Behold the magnificent moment captured by midwife turned photographer Emma Jean Nolan, of a newborn Maori baby whose umbilical cord, still attached to the placenta that nourished him in the womb, is positioned to spell out the apropos word “love.” Nolan shot the image 90 minutes after baby Harper was born, with the intention of drawing attention to the ancient Maori tradition, which she elaborates on in her Facebook post writing, “As a Maori baby his placenta will now be returned to the land. The word ‘whenua’ relates to the placenta and to the land. Whenua (placenta) is returned to the whenua (land) with the pito (umbilical cord) the link between the newborn and papatuanuku (mother earth). With this affinity established, each individual fulfills the role of curator, for papatuanuku (mother earth), which remains life long.”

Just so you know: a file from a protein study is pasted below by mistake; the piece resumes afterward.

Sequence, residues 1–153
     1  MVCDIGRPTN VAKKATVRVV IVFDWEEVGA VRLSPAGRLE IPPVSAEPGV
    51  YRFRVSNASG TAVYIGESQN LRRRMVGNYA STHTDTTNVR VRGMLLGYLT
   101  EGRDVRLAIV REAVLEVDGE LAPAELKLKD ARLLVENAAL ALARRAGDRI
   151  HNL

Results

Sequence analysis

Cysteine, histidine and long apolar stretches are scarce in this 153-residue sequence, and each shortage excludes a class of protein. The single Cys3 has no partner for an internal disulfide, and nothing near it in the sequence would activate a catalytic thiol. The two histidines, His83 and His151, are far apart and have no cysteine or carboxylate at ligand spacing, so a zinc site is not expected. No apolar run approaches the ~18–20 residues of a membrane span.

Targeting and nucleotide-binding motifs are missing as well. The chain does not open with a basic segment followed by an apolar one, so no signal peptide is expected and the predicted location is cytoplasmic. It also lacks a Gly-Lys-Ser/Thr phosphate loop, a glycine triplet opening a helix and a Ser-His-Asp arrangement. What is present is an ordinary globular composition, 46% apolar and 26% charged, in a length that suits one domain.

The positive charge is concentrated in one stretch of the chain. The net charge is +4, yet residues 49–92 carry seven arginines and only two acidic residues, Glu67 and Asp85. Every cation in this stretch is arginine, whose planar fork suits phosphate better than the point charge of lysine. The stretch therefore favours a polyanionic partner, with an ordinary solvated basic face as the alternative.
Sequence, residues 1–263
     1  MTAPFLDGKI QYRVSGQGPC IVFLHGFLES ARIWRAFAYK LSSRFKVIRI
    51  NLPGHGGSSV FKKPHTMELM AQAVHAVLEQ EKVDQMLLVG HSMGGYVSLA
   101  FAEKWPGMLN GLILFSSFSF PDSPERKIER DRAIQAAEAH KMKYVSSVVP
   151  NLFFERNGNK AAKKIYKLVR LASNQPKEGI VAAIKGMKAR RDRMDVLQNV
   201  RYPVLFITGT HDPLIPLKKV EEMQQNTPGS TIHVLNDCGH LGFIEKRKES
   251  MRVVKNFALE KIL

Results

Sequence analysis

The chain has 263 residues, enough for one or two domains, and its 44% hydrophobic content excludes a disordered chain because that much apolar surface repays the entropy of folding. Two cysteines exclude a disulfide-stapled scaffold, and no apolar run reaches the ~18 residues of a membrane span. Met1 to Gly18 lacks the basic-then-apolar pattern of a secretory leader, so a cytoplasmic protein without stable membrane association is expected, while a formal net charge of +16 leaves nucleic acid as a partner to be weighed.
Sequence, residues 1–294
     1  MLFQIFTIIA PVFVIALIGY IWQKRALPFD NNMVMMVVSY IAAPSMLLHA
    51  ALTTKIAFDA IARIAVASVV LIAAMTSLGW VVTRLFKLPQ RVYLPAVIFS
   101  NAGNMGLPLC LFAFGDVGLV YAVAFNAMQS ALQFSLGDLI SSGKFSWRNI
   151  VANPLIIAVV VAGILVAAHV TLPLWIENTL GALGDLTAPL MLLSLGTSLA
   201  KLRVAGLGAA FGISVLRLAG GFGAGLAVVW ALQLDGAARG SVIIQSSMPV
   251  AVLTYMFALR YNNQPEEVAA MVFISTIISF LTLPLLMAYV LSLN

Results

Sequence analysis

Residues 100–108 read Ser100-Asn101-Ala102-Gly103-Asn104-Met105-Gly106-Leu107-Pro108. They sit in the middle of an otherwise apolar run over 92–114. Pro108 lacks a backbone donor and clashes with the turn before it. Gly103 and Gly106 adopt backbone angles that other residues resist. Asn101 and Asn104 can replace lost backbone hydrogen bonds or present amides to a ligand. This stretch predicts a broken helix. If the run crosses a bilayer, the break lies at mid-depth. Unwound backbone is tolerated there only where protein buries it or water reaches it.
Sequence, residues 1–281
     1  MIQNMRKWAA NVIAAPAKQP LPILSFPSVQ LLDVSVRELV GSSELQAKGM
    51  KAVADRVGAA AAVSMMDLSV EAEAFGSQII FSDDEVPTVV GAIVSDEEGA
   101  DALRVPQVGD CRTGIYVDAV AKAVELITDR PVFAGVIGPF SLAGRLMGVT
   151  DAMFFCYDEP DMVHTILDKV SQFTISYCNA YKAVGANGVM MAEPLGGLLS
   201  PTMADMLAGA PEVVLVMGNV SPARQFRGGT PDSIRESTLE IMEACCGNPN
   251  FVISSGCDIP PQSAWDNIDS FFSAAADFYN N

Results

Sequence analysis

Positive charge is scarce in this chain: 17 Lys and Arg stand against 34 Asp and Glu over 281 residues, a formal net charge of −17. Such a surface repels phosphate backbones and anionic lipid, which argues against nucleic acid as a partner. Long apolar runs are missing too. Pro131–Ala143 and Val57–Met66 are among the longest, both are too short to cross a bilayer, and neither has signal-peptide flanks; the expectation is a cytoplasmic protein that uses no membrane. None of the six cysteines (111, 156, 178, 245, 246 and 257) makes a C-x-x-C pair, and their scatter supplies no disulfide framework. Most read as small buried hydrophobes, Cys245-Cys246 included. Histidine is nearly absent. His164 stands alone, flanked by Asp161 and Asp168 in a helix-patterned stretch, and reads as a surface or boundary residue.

According to Stuff.co.nz, “Harper’s placenta will be buried on his grandfather’s farm in the Bombay Hills of Auckland, New Zealand, under a native totara tree.”
The vast majority of women in America don’t even lay eyes on their baby’s placenta due to hospital policy, or because they aren’t aware of the options available to them with regard to their placenta. For instance, our editor-in-chief had a wonderful experience eating her placenta, which you can read about here. There are also myriad ways you can pay homage to your placenta. See five fun things to do with your placenta, from making it into a teddy bear to making art prints.
Image via Emma Jean Photography on Facebook